• On 3 April 2021, al‑Shabaab conducted mortar attacks on Bariire and Awdhigle military bases in Southern Somalia, killing at least nine soldiers.
  • On 6 March 2021, al‑Shabaab conducted a suicide vehicle bombing at a restaurant near Mogadishu, Somalia, killing at least 10 people.
  • On 17 August 2020, an al‑Shabaab member detonated a suicide vest on a military base in Gofgadud Burey District, Somalia, killing at least seven soldiers and officials.
  • On 16 August 2020, al‑Shabaab conducted a suicide vehicle bombing at the Elite Hotel in Mogadishu, Somalia, killing at least 16 people.
  • On 8 August 2020, al‑Shabaab conducted a vehicle bomb attack on a military base in Mogadishu, Somalia, killing nine people.
  • On 5 January 2020, al‑Shabaab attacked the joint United States (US)-Kenyan airbase in Lamu, Kenya, destroying six aircraft and killing one US military service member and two US contractors.
  • On 28 December 2019, al‑Shabaab attacked a Turkish convoy with a vehicle bomb in Mogadishu, Somalia killing 87 people, including at least two Turkish contractors.
  • On 30 September 2019, al‑Shabaab attacked the joint US-Somali Base at Baledogle in southern Somalia with a vehicle bomb and firearms, killing at least 12 Somali soldiers.
  • On 14 July 2019, al‑Shabaab attacked a meeting of government election officials at the Asasey Hotel in Kismayo, Somalia, killing 26 people, including two Americans and one British journalist.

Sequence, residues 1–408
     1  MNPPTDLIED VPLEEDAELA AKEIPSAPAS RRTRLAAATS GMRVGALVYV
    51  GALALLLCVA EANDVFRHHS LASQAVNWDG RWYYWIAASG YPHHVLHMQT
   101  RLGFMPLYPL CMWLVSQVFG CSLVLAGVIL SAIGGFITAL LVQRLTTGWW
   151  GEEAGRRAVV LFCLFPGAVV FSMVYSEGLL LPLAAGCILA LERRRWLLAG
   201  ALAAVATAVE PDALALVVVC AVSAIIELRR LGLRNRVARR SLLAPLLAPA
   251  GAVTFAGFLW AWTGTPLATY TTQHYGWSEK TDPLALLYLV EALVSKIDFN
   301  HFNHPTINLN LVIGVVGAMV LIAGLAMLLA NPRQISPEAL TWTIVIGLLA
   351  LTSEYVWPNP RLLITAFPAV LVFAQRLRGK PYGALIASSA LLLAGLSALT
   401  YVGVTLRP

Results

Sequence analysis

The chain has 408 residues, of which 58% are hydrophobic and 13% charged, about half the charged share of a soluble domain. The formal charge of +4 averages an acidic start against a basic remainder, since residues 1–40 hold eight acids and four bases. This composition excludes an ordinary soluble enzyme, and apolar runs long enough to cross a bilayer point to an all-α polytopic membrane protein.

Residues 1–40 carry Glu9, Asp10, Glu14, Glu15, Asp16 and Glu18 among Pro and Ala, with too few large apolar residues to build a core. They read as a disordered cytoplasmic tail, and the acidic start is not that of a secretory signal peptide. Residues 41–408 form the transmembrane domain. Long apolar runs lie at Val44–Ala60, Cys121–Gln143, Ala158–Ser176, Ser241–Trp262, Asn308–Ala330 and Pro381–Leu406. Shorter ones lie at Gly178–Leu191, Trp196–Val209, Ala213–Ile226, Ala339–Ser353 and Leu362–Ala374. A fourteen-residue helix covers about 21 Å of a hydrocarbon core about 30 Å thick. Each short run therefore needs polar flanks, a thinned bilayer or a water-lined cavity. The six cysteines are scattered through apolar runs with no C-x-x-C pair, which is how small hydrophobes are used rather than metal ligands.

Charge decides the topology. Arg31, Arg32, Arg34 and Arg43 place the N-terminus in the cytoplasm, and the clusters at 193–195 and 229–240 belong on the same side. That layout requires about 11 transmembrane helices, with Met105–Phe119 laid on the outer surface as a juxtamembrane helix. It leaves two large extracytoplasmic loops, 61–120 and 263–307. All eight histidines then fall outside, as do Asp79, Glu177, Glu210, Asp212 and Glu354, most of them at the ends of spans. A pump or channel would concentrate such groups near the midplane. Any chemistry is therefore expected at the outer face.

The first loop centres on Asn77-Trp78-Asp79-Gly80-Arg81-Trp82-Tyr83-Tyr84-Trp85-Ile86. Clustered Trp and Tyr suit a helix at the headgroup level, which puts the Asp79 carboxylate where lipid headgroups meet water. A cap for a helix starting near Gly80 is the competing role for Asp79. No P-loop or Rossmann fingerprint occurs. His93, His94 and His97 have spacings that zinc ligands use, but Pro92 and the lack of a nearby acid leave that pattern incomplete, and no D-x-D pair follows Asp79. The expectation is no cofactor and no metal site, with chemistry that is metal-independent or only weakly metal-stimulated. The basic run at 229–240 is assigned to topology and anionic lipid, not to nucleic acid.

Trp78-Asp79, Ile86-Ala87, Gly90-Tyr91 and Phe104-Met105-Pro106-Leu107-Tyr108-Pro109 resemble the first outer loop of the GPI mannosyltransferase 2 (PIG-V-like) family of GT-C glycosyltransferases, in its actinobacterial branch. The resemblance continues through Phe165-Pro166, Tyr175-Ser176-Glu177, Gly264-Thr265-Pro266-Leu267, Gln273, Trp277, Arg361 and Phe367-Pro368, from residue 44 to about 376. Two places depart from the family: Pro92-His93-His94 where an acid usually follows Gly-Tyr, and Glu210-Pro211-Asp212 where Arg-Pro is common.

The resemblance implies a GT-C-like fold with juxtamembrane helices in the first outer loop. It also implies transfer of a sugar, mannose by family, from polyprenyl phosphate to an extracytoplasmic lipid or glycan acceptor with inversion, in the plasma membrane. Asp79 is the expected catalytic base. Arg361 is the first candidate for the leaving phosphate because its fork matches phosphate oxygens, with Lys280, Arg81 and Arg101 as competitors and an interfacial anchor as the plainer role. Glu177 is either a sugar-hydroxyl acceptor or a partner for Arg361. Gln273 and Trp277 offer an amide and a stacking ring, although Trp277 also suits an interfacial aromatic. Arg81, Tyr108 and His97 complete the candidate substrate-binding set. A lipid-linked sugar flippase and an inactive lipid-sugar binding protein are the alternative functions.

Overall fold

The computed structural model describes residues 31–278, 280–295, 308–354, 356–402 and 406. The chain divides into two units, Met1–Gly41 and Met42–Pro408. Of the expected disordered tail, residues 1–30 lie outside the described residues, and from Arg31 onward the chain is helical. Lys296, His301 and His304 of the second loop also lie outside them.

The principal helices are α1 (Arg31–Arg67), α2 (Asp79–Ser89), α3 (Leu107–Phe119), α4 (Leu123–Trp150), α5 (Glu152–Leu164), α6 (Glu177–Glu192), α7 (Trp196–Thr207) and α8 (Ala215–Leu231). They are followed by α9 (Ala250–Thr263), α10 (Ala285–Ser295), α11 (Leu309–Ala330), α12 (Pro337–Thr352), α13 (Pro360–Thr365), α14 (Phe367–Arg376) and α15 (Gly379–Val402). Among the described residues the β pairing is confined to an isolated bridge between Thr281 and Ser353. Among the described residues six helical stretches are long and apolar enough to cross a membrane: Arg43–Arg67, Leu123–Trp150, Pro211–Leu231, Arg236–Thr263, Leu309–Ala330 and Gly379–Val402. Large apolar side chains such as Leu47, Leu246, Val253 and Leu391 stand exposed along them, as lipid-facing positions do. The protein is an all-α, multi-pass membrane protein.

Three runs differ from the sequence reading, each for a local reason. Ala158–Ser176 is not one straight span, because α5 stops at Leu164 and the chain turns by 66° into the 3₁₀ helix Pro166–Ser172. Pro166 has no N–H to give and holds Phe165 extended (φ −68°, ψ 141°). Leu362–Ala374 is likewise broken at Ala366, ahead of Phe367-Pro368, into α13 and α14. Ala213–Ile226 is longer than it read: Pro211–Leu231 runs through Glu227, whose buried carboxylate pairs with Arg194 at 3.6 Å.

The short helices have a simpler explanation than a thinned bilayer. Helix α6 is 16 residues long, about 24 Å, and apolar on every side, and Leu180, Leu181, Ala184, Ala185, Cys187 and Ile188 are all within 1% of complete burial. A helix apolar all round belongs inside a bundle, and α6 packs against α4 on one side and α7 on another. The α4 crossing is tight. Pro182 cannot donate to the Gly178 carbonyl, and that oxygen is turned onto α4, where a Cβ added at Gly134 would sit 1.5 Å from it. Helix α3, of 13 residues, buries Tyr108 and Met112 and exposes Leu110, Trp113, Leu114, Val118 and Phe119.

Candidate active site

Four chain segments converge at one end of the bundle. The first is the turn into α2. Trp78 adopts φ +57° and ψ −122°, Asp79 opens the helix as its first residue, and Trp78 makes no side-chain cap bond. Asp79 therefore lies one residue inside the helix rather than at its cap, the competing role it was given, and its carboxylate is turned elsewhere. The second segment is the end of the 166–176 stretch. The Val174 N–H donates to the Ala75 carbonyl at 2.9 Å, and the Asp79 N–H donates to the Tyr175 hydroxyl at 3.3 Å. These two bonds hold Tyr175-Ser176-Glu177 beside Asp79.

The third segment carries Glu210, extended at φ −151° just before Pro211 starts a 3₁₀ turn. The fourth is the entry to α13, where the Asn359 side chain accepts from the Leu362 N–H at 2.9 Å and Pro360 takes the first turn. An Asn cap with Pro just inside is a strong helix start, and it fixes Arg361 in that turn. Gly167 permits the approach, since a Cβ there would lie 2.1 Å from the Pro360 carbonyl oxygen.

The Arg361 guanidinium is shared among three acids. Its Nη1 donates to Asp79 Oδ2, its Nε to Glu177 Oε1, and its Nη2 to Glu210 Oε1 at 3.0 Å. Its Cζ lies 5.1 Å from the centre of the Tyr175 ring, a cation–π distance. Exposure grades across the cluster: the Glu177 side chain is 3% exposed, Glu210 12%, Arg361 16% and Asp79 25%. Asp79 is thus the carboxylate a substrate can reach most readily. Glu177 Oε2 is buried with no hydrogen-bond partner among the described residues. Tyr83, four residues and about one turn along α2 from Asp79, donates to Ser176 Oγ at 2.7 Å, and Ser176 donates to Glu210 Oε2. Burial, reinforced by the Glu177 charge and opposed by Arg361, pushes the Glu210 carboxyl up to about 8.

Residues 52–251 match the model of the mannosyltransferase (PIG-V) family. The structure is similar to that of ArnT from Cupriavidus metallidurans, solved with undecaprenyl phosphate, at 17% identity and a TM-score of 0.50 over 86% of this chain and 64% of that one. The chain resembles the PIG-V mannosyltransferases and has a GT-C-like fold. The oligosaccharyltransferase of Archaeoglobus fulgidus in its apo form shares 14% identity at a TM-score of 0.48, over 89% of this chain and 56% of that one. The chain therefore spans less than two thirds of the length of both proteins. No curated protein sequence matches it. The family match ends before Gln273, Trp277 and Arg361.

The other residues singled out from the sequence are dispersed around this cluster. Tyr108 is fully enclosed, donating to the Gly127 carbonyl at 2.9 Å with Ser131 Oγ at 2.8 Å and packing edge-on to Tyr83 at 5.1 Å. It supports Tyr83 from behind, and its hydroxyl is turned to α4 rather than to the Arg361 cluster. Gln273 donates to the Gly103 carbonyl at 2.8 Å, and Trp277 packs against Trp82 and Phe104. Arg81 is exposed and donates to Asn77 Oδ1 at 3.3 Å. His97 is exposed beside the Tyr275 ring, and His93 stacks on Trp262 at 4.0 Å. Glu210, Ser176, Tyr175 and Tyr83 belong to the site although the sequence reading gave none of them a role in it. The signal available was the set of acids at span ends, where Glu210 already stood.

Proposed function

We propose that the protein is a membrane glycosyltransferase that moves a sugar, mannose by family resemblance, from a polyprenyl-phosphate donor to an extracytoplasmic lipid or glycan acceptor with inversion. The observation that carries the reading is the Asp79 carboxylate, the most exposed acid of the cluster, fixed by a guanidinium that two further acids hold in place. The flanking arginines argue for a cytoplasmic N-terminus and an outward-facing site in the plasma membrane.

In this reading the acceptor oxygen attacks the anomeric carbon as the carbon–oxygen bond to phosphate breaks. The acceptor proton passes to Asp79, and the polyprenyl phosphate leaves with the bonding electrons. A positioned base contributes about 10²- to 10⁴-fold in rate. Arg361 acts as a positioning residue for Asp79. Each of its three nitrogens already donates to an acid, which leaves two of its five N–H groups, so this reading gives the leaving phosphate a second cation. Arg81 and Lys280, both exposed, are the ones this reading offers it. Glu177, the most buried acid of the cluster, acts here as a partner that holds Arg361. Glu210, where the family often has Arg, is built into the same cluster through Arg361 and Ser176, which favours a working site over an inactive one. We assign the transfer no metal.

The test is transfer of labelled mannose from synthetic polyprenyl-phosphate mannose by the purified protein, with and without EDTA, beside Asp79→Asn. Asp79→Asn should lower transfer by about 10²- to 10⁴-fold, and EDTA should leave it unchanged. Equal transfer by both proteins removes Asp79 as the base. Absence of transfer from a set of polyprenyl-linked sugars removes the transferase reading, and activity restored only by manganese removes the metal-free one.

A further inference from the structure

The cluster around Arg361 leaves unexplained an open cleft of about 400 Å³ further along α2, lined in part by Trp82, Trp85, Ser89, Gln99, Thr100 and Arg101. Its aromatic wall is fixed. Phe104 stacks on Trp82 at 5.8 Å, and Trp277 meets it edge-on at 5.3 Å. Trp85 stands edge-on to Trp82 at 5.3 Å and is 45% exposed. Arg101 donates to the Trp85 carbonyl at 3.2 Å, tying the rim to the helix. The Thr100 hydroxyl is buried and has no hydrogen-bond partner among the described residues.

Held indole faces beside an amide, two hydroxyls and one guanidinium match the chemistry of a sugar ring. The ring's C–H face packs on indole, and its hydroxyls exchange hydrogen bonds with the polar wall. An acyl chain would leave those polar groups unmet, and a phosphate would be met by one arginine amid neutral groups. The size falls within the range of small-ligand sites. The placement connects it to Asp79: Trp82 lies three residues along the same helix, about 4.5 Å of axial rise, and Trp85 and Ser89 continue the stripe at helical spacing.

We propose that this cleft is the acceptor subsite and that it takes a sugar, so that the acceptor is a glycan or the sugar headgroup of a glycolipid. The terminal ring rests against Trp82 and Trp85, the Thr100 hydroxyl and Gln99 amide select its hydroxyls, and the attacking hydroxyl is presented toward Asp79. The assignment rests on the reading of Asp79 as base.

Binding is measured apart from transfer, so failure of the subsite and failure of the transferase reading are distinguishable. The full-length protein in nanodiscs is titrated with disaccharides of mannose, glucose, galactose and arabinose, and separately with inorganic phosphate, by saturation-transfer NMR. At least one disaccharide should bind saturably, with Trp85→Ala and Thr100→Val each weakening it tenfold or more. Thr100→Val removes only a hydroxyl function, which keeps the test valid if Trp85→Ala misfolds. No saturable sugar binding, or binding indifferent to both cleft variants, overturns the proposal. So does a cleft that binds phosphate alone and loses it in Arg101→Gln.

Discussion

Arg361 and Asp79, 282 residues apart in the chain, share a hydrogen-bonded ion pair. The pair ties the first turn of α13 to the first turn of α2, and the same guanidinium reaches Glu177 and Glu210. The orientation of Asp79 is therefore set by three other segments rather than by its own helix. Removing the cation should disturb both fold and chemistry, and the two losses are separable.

• On 23 March 2019, al‑Shabaab conducted a suicide vehicle bombing and raid on a government building in Mogadishu, Somalia, killing five people including Somalia’s deputy labour minister, Saqar Ibrahim Abdala.
  • On 5 February 2019, al‑Shabaab conducted a vehicle bomb attack in Mogadishu, Somalia, killing at least 11 people.
  • On 4 February 2019, al‑Shabaab conducted an assassination of a senior manager of P&O Ports in Puntland, Somalia as well as a vehicle bombing in Mogadishu, Somalia that killed 11 people.
  • On 15 January 2019, al‑Shabaab attacked the DusitD2 Hotel in Nairobi, Kenya, with a suicide bomb and firearms, killing 21 people, including an American and a British-South African dual national.